A T W Penn

Albert Thomas Watson Penn was a photographer who retired to Eversholt in 1911, having made his name in India. There is a fine biography of him by his grandson, Christopher Penn, here. He’s listed in Kelly’s Directory for 1914 as “A T Watson Penn, Rose Cottage”, a “private resident” as opposed to someone who actually had to stoop so low as to earn a living. Christopher Penn has photos of ATWPenn, or taken by ATWPenn, in Eversholt, and has very kindly provided copies to show here.


 

1 Front of the Mund 1914“Rose Cottage” may, or may not, have been the house in Lower Rads End that ATWPenn renamed “The Mund”, an Indian dialect word meaning “home”. This photo, which may be from 1914, shows ATWPenn, his wife Elizabeth or Zillie in the foreground, and A. N. Other in front of the Mund. The house is still present in Eversholt today.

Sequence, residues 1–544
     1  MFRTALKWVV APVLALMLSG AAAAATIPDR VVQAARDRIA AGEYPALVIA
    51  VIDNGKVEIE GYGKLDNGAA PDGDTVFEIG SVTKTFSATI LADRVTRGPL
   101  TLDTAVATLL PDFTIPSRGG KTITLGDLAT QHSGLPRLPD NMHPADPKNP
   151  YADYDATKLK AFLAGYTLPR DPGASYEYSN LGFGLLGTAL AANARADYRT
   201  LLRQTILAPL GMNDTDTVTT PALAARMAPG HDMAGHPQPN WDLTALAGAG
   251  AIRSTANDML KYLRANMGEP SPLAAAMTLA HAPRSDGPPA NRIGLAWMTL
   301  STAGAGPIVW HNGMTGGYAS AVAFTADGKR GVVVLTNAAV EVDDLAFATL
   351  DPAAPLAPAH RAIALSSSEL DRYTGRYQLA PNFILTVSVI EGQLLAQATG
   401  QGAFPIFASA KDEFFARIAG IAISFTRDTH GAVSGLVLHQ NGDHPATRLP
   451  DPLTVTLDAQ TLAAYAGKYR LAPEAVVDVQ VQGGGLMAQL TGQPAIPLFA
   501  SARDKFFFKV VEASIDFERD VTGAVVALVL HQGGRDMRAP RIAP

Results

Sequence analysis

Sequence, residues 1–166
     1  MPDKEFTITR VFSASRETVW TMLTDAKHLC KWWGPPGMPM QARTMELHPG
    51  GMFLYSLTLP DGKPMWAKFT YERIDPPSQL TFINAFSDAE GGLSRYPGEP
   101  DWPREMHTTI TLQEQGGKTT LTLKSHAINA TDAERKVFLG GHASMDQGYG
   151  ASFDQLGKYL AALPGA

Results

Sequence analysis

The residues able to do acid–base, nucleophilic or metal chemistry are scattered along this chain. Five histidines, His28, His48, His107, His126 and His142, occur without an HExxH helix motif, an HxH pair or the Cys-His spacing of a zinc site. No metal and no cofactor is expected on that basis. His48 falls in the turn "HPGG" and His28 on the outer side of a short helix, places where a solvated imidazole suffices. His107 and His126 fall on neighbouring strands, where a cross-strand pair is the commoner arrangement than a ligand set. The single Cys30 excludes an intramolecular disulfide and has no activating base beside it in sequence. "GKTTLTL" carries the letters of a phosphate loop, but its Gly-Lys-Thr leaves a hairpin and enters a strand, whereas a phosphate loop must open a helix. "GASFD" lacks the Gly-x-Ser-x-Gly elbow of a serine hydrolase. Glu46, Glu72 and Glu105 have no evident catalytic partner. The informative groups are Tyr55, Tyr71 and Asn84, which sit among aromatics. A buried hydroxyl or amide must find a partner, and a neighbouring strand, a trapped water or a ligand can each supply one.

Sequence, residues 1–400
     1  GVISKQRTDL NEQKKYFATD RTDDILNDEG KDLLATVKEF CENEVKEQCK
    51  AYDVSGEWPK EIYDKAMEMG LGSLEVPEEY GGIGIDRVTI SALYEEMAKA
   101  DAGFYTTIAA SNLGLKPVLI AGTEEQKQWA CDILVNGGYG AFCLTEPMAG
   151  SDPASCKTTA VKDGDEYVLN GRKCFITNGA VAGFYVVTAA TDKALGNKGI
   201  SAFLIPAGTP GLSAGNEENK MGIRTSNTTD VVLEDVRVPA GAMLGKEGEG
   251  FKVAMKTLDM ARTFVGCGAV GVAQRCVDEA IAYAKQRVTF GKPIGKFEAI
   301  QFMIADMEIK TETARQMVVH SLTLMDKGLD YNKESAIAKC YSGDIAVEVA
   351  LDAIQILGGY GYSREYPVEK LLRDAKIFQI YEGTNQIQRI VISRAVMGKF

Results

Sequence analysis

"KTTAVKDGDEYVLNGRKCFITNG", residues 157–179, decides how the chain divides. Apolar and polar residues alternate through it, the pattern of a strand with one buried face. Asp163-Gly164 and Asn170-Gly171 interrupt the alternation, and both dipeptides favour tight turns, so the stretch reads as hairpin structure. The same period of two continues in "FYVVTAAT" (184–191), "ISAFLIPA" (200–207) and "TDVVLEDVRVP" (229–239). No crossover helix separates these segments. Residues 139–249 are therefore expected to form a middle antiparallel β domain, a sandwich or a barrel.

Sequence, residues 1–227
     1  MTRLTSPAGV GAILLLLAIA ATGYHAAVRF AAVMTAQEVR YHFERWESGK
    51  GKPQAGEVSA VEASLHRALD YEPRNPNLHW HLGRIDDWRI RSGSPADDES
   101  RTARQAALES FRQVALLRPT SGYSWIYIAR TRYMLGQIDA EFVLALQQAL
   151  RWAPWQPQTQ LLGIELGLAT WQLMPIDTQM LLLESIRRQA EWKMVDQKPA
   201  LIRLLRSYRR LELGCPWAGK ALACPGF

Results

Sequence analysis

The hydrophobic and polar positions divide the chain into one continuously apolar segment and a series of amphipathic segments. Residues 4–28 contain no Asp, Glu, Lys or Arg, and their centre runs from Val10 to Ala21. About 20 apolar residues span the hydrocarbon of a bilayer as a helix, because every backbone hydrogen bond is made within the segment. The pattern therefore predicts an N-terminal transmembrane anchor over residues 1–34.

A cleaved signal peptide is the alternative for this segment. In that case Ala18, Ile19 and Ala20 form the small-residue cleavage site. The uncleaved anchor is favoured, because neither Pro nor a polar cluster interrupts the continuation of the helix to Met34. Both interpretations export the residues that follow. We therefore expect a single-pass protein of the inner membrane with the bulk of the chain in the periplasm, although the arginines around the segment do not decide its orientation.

Veg garden The Mund 1914 lo resThis is ATW Penn’s wife, Elizabeth or Zillie, tending the vegetable garden at The Mund in 1914. They had dug up the tennis court to “dig for victory”.


6 Pony and trap with 5 lo resATWPenn with his family, probably in Eversholt.


 

Albert, Vera and ClaudeATWPenn with his children Vera and Claude Delves.

“Delves” was not an unheard-of forename in Victorian times. 105 births were registered with this name between 1837 and 1915.


 

5 Hay makers, Eversholt 1914 lo resHay making, believed to have been taken by ATWPenn in Eversholt. I put out a plea for information on where this was taken, and it was answered! Terry Hawkes, when she was a very young Terry Jennings, lived in The Mund. Christopher Penn visited the Hawkeses around 2010 to discuss the history, and they recognised this spot straightaway, for the house in the background is the house where Chris and Terry live now, in Rads End. this field is the one just across the road from the entrance to Rads End Farm. Thank you very much, Chris and Terry!


 

eversholt church by ATWPennEversholt church, about 1914. The main differences from today are the splendid oil lamps, which must have been a lot of work, and the carved oak screen on the right, which nowadays is expanded to surround a larger space.


 

 

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